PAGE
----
Joaquin in and out of the frame
Joaquin Phoenix in The Master

Joaquin Phoenix is a natural-born eccentric who is increasingly hard to track down, though over the years I've given it a go.

At one point he was giving acting away altogether, only he came back to star in Two Lovers for his good friend James Gray. He supposedly left the profession again to become a rapper and made a documentary with his best friend and brother-in-law Casey Affleck to prove it.

Though when I'm Still Here world- premiered in Venice two years ago something smelt fishy as Phoenix, the clean-shaven movie star, was skulking in the shadows. The documentary, of course, was actually a mockumentary.

Now after a two-year break Phoenix is back in three movies: Nightingale, his fourth movie with Gray; Her, his first movie for Spike Jonze; and The Master, his debut with Paul Thomas Anderson. For the latter Phoenix looks set to take out a slew of prizes in the upcoming awards season, as he did when he shared the best actor Silver Lion in Venice with his co-star Philip Seymour Hoffman last month.

Looking trimmed down for our exclusive Venice tete-a-tete, Phoenix is keen to set the record straight. Not only regarding I'm Still Here, but regarding his strange behaviour the previous day at The Master's press conference when he refused to answer questions, chain smoked and briefly left the podium for a toilet break.

"I f . . . ing hate it, you just don't feel human," he says passionately. "It feels stupid. What can I say? I can sit here and talk to you, I like that, but I don't want to walk into a room with a bunch of cameras and a crowd of people and feel that I want to be elevated on a stage with my name placed in the centre of the table and made into something. It makes me feel gross about myself and I am not going to raise my hand and ask permission to go to the bathroom. I realise it's always a struggle that I have because I don't want to appear ungrateful or angry. I am not mad at anybody, it just makes me feel stupid and uncomfortable."

Given Pheonix grew up, the middle child of five who were all encouraged to perform from an early age by their vegan, and at one point Children of God missionary parents, his upbringing was unconventional.

"Then again my mum also worked at NBC," muses Phoenix, who has already thrown out any notion that they were hippies and clearly hates labels of any form. "When I was growing up, we never watched Entertainment Tonight, we never saw Premiere magazine. We didn't have those things in our house. I don't want to be elevated to some kind of f . . . ing status."

Which brings us to I'm Still Here where Joaquin and Casey, the far less conventional brother of Ben, basically gave the finger to the notion of celebrity.

"I don't want that kind of attention because I will become an even worse actor than I am now," Phoenix says.

"You lose your humanity, you start f. . . ing believing the thing, because it's seductive and everybody is susceptible to it. I wish I was super strong and oblivious and it meant nothing. I wish I wasn't susceptible to the seduction of fame but of course I am, so I have to actively fight it."

As with a lot of things, he rails against the idea I'm Still Here was a hoax.

"I don't like the word hoax. You wouldn't say that I was trying to pull a hoax on The Master because I was trying to convince everybody I was somebody named Freddie Quell. You are just doing your job, you are trying to portray this thing. So when somebody says it's a hoax it's almost like the intention is that we are trying to fool you, just for our own kicks. And that's not what it was."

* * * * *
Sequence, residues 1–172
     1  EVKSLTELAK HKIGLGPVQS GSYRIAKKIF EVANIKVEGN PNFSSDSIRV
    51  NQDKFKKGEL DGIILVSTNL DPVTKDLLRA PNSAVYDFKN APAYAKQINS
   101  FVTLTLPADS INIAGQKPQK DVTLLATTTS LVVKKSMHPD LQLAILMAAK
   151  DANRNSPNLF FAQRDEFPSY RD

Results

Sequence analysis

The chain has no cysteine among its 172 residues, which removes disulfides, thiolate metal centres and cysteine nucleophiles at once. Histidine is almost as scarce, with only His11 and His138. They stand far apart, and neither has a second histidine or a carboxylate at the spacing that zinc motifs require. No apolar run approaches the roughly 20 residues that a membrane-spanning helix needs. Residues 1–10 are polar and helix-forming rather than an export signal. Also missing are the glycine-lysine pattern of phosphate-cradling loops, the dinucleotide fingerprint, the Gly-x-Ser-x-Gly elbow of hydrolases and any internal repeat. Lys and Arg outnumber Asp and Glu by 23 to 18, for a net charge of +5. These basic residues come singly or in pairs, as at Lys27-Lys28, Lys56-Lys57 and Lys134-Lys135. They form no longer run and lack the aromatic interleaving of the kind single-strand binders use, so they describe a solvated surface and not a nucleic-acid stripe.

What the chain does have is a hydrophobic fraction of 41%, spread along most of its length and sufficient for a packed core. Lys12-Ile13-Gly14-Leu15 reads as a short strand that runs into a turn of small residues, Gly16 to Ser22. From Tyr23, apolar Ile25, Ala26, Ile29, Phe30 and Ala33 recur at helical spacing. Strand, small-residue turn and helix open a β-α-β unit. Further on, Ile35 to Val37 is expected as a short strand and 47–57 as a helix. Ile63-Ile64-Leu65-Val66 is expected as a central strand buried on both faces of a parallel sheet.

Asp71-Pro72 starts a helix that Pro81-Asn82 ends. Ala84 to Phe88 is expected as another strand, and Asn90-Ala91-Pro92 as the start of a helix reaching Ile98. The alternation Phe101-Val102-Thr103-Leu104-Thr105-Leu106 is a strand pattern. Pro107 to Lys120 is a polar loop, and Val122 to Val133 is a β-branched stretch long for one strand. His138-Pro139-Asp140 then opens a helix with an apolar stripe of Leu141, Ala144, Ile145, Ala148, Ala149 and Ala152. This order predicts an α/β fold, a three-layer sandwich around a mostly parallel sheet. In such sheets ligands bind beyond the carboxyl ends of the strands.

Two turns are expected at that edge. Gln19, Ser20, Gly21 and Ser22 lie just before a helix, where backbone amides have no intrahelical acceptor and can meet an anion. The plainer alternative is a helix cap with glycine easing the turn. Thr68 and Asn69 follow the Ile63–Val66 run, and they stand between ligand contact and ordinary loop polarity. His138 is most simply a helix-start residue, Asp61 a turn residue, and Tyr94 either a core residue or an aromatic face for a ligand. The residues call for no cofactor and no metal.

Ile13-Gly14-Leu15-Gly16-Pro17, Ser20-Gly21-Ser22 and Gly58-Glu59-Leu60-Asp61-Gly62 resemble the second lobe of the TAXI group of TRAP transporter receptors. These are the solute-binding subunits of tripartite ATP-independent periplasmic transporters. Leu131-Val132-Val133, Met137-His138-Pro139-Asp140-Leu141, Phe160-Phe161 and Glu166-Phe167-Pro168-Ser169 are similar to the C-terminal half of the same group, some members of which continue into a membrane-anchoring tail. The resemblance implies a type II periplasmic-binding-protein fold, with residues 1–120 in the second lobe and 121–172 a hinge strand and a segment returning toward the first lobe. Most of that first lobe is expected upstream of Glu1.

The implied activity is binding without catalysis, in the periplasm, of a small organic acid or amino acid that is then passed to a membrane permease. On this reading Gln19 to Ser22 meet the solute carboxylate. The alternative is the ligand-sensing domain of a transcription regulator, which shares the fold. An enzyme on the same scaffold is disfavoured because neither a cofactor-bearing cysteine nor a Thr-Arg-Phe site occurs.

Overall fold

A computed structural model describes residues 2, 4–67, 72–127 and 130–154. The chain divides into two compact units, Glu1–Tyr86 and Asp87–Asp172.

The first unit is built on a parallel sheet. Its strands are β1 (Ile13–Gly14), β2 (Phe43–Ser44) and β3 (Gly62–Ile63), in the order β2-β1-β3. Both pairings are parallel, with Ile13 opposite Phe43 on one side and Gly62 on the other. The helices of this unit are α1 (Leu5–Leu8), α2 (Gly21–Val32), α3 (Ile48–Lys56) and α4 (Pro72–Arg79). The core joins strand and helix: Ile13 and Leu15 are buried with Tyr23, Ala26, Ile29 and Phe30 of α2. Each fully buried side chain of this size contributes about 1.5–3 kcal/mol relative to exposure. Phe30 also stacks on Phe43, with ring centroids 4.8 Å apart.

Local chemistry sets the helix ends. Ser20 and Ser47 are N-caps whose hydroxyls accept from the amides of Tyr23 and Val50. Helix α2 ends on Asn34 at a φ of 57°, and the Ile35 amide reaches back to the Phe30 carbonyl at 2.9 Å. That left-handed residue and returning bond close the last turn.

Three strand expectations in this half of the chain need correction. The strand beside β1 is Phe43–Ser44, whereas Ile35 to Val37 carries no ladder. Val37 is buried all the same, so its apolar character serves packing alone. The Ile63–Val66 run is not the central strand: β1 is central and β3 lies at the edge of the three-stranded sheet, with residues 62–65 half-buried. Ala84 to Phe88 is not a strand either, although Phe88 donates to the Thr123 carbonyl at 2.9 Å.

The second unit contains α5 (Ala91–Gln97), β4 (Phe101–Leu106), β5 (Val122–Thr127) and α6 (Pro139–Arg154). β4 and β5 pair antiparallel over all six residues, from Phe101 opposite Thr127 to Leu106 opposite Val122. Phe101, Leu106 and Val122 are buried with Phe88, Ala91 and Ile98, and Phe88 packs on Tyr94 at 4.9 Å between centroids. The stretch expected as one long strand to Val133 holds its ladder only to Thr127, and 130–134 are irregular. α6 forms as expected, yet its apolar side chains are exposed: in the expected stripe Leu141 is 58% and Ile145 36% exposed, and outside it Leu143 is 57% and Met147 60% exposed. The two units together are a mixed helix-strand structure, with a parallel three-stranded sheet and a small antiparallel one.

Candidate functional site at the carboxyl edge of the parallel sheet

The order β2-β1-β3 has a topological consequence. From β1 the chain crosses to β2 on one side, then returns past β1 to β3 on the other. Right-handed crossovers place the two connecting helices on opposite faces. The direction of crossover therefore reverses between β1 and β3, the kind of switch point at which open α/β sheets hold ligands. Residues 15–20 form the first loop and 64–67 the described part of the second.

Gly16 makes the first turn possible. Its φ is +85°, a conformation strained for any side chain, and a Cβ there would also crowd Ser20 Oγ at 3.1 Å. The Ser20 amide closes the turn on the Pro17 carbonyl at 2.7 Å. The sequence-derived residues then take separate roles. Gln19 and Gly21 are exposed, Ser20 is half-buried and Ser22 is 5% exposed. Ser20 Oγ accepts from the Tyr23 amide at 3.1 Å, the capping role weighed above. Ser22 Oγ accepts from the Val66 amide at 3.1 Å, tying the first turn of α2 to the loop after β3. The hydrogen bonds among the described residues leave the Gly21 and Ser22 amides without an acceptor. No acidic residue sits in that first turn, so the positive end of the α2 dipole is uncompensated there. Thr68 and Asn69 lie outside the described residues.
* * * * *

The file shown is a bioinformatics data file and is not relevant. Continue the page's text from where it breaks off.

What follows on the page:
On the set of The Master Phoenix stayed in character, as Freddie Quell, an extremely troubled World War II veteran. Phoenix contorts his face, holds his head on the side and loses his temper constantly in fits of rage, taking it out at one point on a poor defenceless toilet bowl.

Anderson told the Venice press crowd he had long wanted to work with the highly gifted actor (who was Oscar-nominated for his role as Commodus in Gladiator and for his astounding portrayal of Johnny Cash in Walk The Line) and how this was the first time Phoenix had said yes.

While Anderson explained how he used scientology as a starting point in creating Seymour Hoffman's cult leader Lancaster Dodd, the idea of cults might have seemed familiar to Phoenix given his parents' involvement with the Children of God. Though the actor rallies against this assumption as well.

"Not at all. I have no memory of it. I was two years old. This was in the mid 70s and when that group really gained their notoriety was in the mid 80s. So imagine being in it when you're 25 and 23 years old. While I don't have any religious beliefs, my parents did,and they shared the same ideals as these people who were searching for something and I think that's f . . . ing admirable. But then I think it's also OK to go 'I don't any longer share the beliefs with these people' and it was very clear to my parents that they no longer wanted to be part of the group. I think they'd liked being part of a spiritual community. I still love the idea of community."

During our interview Phoenix mentions his girlfriend being with him in Venice and through much of his recent life. All he will say is that she is not an actress and he clearly likes it that way. Unlike Affleck who has two children with Phoenix's younger sister, Summer, Joaquin (who was originally named Leaf,) is not about to have kids.

"In my 20s I assumed that I would, but frankly I have no desire to have children," he says. "I think about perhaps getting into a place in which I might be able to have a good home that would be suitable for children to adopt but I don't know. It's not a definite plan."

The West Australian

Popular videos

Our Picks

Follow Us

More from The West